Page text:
Across the nation, advocates for a cure to Alzheimer’s Disease have organized several events to raise funds towards finding a cure in celebration of World Alzheimer’s Day. Find more information by creating an internet search with these key words “Alzheimer’s, September 21, 2014, Your City, State.” Everyone has a reason to end Alzheimer’s, which is the sixth-leading cause of death in the United States today. A walk has been organized in Northwest Houston on September 20. Click here for more details.
There are as many as 5 million Americans living with Alzheimer’s disease (AD). It destroys braincells, causing problems with memory, cognition and behavior.
Information shared below can give insight to those who choose to support the cause of finding a cure, as well as provide insights to help families get a clearer picture of what they and diagnosed loved ones are facing.
Alzheimer’s disease is a degenerative brain disorder that has no current cure, but treatments combined with the right services and support, can make life easier for millions of Americans living with this disease. No two diagnoses are the same, but Alzheimer’s can generally be broken-down into 3 stages. Stage one lasts 2-4 years leading up to diagnosis.
This disease affects not only the patient, but family and friends as well. It places great challenges on the caregiver with a wide range of pressures with physical, social, economic and psychological elements. Recognizing the symptoms, early diagnosis and planning can make some of these challenges more manageable.
Planning for the care of an AD patient is a daunting task for the family. Learning about the disease, treatment options and care options are paramount to the overall well being of the patient and their family. During the early stages of AD, the family, with education and training, can generally care for the patient. There are also agencies available to care for AD patients if the family is unable to do so, or if they just need a little extra help.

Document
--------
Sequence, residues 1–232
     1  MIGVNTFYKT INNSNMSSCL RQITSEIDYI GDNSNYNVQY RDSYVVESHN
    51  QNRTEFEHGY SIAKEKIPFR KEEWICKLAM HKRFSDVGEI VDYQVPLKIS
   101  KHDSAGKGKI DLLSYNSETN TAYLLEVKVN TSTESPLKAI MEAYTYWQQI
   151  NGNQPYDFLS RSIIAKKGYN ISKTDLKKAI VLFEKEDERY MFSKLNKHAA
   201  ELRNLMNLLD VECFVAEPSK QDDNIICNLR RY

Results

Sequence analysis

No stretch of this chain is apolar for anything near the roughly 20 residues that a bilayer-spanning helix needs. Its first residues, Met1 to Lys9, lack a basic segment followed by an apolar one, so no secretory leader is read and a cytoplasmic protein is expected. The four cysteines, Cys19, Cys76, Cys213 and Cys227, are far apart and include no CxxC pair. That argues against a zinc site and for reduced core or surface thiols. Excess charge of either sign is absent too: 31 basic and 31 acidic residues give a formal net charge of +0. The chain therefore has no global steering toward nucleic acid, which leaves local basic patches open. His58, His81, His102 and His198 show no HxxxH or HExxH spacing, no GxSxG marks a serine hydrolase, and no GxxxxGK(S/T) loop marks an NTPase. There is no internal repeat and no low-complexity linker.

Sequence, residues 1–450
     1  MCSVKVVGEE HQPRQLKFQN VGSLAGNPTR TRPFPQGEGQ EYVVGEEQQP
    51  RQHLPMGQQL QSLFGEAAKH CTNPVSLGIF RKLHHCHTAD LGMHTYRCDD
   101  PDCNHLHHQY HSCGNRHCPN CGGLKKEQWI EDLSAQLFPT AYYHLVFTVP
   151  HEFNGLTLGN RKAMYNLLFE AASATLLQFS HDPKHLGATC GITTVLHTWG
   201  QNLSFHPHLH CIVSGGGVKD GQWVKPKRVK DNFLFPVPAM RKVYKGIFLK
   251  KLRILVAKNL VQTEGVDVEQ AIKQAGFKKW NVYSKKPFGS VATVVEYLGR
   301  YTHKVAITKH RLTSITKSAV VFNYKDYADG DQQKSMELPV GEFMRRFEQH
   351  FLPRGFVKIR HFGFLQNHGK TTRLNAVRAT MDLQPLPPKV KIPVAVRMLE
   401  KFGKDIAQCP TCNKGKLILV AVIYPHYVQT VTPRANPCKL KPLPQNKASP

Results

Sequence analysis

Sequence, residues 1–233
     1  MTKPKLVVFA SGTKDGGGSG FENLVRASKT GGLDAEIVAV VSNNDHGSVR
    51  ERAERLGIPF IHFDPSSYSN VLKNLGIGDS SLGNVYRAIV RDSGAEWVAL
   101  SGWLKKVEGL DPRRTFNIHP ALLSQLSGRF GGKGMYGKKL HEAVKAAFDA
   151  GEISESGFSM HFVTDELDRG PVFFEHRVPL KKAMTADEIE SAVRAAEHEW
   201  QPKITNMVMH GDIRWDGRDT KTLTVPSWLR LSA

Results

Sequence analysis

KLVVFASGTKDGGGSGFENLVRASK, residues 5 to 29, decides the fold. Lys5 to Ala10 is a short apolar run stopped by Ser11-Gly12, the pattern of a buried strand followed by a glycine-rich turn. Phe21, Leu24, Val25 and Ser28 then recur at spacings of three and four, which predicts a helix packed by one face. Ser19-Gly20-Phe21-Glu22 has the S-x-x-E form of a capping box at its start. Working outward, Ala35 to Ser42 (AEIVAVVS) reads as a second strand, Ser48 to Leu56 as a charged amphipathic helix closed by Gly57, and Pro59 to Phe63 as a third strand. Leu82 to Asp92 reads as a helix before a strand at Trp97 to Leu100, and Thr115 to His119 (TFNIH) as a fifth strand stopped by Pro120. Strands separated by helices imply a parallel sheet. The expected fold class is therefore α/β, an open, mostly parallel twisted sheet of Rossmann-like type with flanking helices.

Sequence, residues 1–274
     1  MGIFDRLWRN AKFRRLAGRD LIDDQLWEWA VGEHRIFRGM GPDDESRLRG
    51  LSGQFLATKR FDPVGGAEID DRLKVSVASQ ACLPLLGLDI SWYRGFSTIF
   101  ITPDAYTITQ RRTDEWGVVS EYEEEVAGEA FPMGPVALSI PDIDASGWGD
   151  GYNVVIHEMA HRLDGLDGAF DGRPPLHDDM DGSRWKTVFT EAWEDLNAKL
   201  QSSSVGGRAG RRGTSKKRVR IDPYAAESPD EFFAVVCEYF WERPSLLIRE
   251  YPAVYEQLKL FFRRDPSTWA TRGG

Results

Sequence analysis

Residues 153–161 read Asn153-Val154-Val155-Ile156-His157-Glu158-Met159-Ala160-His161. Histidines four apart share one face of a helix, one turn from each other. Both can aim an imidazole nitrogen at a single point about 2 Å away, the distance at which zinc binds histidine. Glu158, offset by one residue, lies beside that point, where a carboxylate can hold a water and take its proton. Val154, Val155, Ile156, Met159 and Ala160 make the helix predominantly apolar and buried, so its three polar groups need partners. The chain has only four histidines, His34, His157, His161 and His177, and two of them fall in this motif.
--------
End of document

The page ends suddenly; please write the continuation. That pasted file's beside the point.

During this time, the family should also be learning as much as they can about the different types of care settings as an option during the advanced stages. The type of facility chosen depends on the level of care needed. These facilities include assisted living (ALF’s), skilled nursing (SNF’s), and Alzheimer’s special care units (SCU’s). Planning for this transition should be done well before admission as this allows the family to determine which facility best meets the need of the AD patient. It also helps to anticipate the cost of care and in finding the funds to help pay for it.
For more information please contact Assisting Hands Home Care at 281-540-7400 or visit us on the web at http://www.assistinghands.com/houston/, or www.alz.org, http://www.nia.nih.gov/alzheimers .